Enter your mobile number or email address below and we'll send you a link to download the free Kindle App. Then you can start reading Kindle books on your smartphone, tablet, or computer - no Kindle device required.

  • Apple
  • Android
  • Windows Phone
  • Android

To get the free app, enter your email address or mobile phone number.

Out of Print--Limited Availability.
Have one to sell? Sell on Amazon
Flip to back Flip to front
Listen Playing... Paused   You're listening to a sample of the Audible audio edition.
Learn more

The Agricola of Tacitus; (Macmillan's school class books)

3 out of 5 stars 1 customer review

See all 6 formats and editions Hide other formats and editions
New from Used from
--This text refers to the Paperback edition.

Top 20 lists in Books
Top 20 lists in Books
View the top 20 best sellers of all time, the most reviewed books of all time and some of our editors' favorite picks. Learn more

Product Details

  • Series: Macmillan's school class books
  • Unknown Binding: 102 pages
  • Publisher: Macmillan and Co., Limited (1882)
  • Language: English
  • ASIN: B0008ALJ0C
  • Average Customer Review: 3.0 out of 5 stars  See all reviews (1 customer review)
  • Amazon Best Sellers Rank: #13,936,534 in Books (See Top 100 in Books)

Customer Reviews

5 star
4 star
3 star
2 star
1 star
See the customer review
Share your thoughts with other customers

Top Customer Reviews

Format: Unknown Binding
Tacitus' Agricola is a biographical eulogy for Britain's most famous Roman governor, Gnaeus Julius Agricola, who is Britain's most famous Roman governor because of Tacitus' Agricola. Tacitus himself (ch 46) noted that this might be the case. As Agricola was his father-in-law and a man he obviously admired no little bit, Agricola gives us not just the professional historian's recounting of his career, but a personal look as well.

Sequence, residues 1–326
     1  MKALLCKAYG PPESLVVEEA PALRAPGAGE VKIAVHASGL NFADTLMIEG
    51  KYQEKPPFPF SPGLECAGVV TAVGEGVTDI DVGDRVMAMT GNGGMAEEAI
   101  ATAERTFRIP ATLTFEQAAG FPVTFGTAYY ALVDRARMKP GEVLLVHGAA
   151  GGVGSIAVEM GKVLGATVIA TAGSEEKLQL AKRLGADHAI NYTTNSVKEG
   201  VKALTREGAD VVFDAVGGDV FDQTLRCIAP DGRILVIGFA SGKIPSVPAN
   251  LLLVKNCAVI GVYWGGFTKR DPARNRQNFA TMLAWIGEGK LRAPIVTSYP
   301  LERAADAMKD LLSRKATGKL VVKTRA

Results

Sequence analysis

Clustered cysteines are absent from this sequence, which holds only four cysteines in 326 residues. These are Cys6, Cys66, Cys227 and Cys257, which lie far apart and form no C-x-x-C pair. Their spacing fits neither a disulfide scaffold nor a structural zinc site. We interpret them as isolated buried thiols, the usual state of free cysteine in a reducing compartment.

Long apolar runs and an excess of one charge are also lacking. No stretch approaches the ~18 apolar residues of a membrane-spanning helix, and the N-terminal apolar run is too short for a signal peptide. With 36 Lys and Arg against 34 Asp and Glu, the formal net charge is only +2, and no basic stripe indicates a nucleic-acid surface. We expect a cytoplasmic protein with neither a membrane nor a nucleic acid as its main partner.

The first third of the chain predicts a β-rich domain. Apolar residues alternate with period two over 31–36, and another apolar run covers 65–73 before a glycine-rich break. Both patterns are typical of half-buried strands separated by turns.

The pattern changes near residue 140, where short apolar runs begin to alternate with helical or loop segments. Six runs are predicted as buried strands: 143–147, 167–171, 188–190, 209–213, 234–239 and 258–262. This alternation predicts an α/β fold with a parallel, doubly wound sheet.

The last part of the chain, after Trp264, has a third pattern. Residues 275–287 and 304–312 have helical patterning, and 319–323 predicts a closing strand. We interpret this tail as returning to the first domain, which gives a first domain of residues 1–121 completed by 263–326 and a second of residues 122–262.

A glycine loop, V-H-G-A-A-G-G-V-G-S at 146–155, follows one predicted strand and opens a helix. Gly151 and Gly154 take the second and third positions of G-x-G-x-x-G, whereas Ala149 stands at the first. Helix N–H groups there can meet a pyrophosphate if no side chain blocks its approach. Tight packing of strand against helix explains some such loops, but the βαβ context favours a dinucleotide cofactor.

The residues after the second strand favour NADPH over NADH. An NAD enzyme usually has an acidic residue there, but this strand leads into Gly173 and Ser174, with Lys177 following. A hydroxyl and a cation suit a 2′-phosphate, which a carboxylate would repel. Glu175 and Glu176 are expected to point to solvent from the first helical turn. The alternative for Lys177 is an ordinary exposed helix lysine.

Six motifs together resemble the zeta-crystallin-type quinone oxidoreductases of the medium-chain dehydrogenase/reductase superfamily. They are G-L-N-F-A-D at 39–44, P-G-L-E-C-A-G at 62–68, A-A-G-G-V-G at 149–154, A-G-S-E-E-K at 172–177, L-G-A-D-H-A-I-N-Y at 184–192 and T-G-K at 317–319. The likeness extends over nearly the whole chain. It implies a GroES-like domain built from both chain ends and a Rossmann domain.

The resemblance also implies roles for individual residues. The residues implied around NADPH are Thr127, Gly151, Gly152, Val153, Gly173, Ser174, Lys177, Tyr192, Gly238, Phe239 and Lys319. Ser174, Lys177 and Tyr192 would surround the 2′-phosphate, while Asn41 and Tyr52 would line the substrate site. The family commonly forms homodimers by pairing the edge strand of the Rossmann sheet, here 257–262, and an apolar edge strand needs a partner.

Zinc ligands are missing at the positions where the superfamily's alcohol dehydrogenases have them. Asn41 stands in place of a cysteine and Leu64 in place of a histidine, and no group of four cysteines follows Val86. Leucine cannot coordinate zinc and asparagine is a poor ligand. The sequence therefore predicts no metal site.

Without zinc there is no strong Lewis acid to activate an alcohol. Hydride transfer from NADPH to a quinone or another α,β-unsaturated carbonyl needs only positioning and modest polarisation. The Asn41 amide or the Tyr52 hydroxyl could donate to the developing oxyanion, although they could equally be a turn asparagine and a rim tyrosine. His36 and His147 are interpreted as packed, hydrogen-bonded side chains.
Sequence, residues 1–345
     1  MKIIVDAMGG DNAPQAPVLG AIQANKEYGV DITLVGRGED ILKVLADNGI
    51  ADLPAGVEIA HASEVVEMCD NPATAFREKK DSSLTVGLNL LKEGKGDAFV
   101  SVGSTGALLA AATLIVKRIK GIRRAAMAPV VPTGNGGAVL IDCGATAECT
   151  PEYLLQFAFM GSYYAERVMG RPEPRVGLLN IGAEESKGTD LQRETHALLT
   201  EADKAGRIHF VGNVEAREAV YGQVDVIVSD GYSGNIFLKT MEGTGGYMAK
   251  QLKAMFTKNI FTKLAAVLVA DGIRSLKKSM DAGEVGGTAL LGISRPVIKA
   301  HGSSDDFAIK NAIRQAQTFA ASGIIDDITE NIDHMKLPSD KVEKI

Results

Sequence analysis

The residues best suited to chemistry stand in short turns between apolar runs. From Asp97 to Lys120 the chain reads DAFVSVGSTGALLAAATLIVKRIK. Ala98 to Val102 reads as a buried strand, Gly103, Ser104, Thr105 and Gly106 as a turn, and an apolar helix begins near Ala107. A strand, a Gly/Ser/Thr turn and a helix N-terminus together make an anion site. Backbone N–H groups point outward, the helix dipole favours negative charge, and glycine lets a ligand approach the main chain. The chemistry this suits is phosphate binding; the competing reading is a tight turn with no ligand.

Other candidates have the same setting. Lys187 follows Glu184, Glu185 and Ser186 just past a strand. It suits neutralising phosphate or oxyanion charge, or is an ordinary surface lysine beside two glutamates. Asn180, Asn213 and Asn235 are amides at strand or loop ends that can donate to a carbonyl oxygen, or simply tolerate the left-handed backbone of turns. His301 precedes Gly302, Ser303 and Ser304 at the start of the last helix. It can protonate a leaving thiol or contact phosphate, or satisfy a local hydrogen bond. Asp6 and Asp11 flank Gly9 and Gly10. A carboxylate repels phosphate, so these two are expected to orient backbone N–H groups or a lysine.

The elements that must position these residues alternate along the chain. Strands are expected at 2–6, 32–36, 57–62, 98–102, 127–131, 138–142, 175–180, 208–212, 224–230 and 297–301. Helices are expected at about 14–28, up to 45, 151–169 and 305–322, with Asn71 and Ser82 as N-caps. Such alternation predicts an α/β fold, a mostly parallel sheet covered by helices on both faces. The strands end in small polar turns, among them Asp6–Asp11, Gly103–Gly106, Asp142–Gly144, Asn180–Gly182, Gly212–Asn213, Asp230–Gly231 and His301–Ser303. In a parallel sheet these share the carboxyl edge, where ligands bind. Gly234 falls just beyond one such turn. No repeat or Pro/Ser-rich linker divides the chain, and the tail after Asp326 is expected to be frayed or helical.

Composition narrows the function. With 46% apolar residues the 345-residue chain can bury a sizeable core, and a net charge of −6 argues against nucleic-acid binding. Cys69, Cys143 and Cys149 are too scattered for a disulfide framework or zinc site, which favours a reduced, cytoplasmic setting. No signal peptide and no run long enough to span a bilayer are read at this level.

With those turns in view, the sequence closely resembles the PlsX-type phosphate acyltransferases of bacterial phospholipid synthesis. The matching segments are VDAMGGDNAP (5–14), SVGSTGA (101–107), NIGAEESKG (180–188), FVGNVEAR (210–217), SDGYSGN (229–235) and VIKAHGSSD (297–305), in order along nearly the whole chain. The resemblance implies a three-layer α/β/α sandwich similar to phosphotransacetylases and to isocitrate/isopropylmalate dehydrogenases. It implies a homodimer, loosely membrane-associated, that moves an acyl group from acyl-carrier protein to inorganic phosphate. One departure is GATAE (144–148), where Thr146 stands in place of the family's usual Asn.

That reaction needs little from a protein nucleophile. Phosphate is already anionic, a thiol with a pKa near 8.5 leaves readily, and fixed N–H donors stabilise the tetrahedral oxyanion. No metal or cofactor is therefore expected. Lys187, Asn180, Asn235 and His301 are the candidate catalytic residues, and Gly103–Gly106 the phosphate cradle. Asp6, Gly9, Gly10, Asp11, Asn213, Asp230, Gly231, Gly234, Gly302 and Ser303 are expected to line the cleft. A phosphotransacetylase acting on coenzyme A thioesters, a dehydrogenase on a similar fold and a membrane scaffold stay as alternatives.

As Agricola died at 44 years of age after several years of retirement in Rome, the reader is surprised to see how much the man stuffed into such a short career: a short stay in Britain as a junior officer, a term as a quaestor in Asia, a small but important role in Vespasian's ascent to the purple, a consulship, and then seven years as governor of the Britain. He was finally recalled to Rome by Domitian, where he quietly lay out of the way until his untimely death. Tacitus walks us through each of these events - or rather runs us through them in 46 short chapters - ending with a lamentation not so much for the death of Agricola as for the fact that the senate, of which Tacitus was a member, failed to show the kind of leadership shown by Agricola over the course of his short life in the face of Domitian's reign of terror.

Like in his Germania, Tacitus in Agricola includes valuable material concerning the peoples on the edges of Empire, this time the various tribes of Britons, as he compares the physical characteristics (red hair and large limbs in the case of the Caledonians, swarthy faces and curly hair of the Silures) of the natives with those of the nations that dwelt nearest by sea.
Read more ›
Comment Was this review helpful to you? Yes No Sending feedback...
Thank you for your feedback.
Sorry, we failed to record your vote. Please try again
Report abuse